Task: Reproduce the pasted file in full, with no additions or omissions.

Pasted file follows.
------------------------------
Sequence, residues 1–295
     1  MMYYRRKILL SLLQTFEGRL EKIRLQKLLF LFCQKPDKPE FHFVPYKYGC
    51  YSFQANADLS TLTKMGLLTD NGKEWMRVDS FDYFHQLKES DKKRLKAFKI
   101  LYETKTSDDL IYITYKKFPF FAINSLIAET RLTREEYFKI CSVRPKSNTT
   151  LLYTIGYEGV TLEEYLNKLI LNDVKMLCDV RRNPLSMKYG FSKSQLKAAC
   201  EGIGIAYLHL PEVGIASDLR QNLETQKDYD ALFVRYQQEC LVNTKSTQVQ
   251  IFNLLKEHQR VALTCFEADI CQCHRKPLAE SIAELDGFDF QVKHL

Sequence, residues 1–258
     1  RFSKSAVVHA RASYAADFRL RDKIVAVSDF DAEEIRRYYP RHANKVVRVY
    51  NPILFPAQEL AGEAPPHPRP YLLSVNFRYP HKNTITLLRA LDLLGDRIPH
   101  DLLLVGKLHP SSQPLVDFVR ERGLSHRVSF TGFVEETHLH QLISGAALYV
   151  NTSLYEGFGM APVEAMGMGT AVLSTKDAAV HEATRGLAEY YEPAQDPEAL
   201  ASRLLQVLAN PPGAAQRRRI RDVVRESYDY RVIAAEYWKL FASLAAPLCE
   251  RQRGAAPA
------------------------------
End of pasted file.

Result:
Sequence, residues 1–295
     1  MMYYRRKILL SLLQTFEGRL EKIRLQKLLF LFCQKPDKPE FHFVPYKYGC
    51  YSFQANADLS TLTKMGLLTD NGKEWMRVDS FDYFHQLKES DKKRLKAFKI
   101  LYETKTSDDL IYITYKKFPF FAINSLIAET RLTREEYFKI CSVRPKSNTT
   151  LLYTIGYEGV TLEEYLNKLI LNDVKMLCDV RRNPLSMKYG FSKSQLKAAC
   201  EGIGIAYLHL PEVGIASDLR QNLETQKDYD ALFVRYQQEC LVNTKSTQVQ
   251  IFNLLKEHQR VALTCFEADI CQCHRKPLAE SIAELDGFDF QVKHL

Sequence, residues 1–258
     1  RFSKSAVVHA RASYAADFRL RDKIVAVSDF DAEEIRRYYP RHANKVVRVY
    51  NPILFPAQEL AGEAPPHPRP YLLSVNFRYP HKNTITLLRA LDLLGDRIPH
   101  DLLLVGKLHP SSQPLVDFVR ERGLSHRVSF TGFVEETHLH QLISGAALYV
   151  NTSLYEGFGM APVEAMGMGT AVLSTKDAAV HEATRGLAEY YEPAQDPEAL
   201  ASRLLQVLAN PPGAAQRRRI RDVVRESYDY RVIAAEYWKL FASLAAPLCE
   251  RQRGAAPA